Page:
Girls Sold As Sex Slaves To Aged, Wealthy Arabs- A CULT MUSLIM CULTURE AS ITS PROPHET STARTED
Kilian Kleinschmidt, the head of the UN-run Zaatari camp in northern Jordan, toldIBTimes UK ,JOURNALIST that unscrupulous individuals took advantage of the lawlessness plaguing the camp soon after it was set up in 2012, to prey on vulnerable families.
The risk of sexual violence was so great that Syrian girls and women felt unsafe using the toilets and communal kitchens. In some instances they refused to leave the tents they shared with their families, according to a 2013 Unicef report.
Foreigners, mainly men from Saudi Arabia and the Gulf states in their 50s, 60s and 70s, began focusing on Jordan in their search for a teenage bride at a cheap price as also they do in Indian's Kerala state and Hyderabad.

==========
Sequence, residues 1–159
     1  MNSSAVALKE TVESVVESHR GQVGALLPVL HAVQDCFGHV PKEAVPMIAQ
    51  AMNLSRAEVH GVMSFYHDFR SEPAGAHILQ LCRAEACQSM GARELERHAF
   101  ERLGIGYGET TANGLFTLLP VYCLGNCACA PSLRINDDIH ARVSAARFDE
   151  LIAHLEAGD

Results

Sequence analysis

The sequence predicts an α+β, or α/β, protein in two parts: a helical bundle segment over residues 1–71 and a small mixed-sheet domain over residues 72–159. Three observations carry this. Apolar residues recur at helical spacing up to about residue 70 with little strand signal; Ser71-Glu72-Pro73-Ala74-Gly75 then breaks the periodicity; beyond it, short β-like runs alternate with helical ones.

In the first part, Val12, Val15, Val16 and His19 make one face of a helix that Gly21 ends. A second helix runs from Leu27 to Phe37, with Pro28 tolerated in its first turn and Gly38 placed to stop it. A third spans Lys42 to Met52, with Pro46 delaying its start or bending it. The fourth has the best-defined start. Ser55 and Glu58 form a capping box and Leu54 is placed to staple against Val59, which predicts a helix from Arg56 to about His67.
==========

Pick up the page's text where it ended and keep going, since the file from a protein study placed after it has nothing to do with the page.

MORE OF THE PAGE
Kazal, an 18 year old from Homs, said she was married off to a 50-year-old man from Saudi Arabia who paid her family about $3,100.
"We weren't happily married. He treated me like a servant, and didn't respect me as a wife. He was very strict with me. I'm happy that we're divorced," she told the BBC.
"I agreed to it so I could help my family. When I got engaged I cried a lot. I won't get married for money again."
Kleinschmidt said access to outsiders has since been restricted and security at Zaatari has greatly improved. The teenage girl market in the camp has come to an end.
Thousands of Syrian families live scattered across the city. Syrian children play ball under a spring sun in the craggy streets of historic and impoverished central neighbourhoods such as Kurtulus and Dolpdere.
Umberto Bacchi in Istanbul is the author of this article in IBTIMES